What happens when you pluck two of the most beloved side characters from the Fast & Furious franchise aside for their own movie? Hobbs and Shaw is what happens.
The movie, which comes with the full title of Fast & Furious Presents: Hobbs and Shaw, serves as a reminder that Fast & Furious has absolutely nothing to do with street racing or pulling off small-time heists anymore.
And while movies in the mainline Fast & Furious movies take place in a world that at least feels like reality—don’t get me wrong, they’re plenty ridiculous in their own right—this film completely forgets anything resembling “psychics” or “realism.” It trades purely in the fictional (think Terminator or RoboCop), and the result is a fun movie with a pretty incoherent plot that’s worth seeing as long as you go into it with the right expectations.
At its core, this is a buddy cop movie about two guys who despise each other (for reasons that the movie hints at, but you’ll only really know if you’ve seen the Fast movies) and are forced to work together for the good of the entire planet. It lives and dies based on the chemistry between Luke Hobbs (Dwayne “The Rock” Johnson) and Deckard Shaw (Jason Statham). Thankfully, the two work incredibly well together, and their intense hatred leads to some funny interactions and insults.
The chemistry between them is really one of the best aspects of the movie and the only part of the plot that’s easy to get behind. After all, if Hobbs and Shaw can get along, why can’t the rest of us?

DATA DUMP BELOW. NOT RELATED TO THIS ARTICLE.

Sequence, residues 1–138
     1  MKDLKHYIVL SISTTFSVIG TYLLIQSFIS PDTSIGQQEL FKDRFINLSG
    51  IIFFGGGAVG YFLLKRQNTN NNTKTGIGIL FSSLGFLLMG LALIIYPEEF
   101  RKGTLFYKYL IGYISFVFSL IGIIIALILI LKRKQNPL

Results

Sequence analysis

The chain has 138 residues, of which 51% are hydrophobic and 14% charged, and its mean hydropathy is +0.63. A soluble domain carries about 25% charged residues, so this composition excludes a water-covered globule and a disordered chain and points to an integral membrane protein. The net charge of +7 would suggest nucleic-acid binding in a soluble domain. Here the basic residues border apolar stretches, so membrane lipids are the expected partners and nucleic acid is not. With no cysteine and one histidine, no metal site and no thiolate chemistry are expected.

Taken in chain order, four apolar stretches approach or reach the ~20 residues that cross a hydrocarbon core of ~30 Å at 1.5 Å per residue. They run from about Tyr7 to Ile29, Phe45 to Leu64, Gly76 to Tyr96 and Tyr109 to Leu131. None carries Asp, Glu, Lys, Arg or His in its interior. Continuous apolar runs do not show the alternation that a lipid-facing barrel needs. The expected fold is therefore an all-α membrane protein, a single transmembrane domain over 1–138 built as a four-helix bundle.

Outside of the titular characters, Idris Elba deserves praise for his portrayal of Brixton, the film’s super-soldier antagonist. The “Black Superman,” as he refers to himself a couple of times throughout the movie, does a good job with the less-than-stellar writing he’s given, and he definitely fits the role perfectly.
Early on in the film, Brixton encounters Hattie Shaw (Vanessa Kirby), and when she asks who he is, he simply responds, “Bad guy.” At this point, it’s easy to see that the film is self-aware, and it’s not trying to be anything it isn’t.
And it needs to be because it’s incredibly over-the-top with its action and fight sequences. That can be taken as a positive or a negative, depending on what you’re looking for. There’s no attempt to make the film feel grounded in anything resembling the real world (the introduction of a half-man/half-machine antagonist should be your first clue to that), but it does deliver on the action scenes with CGI that looks impressive and fights that feel fun and intense.
I can’t stress enough how ridiculous the action scenes are. You only need to see the trailer to get an idea of the kind of unrealistic nonsense you can expect from Hobbs and Shaw:
Normally, I’m not a big fan of trailers, as I feel like they sometimes give a little too much away. However, for this movie, I highly recommend watching one so you can see if you’re capable of suspending your disbelief enough to tolerate the ridiculousness you’re about to experience.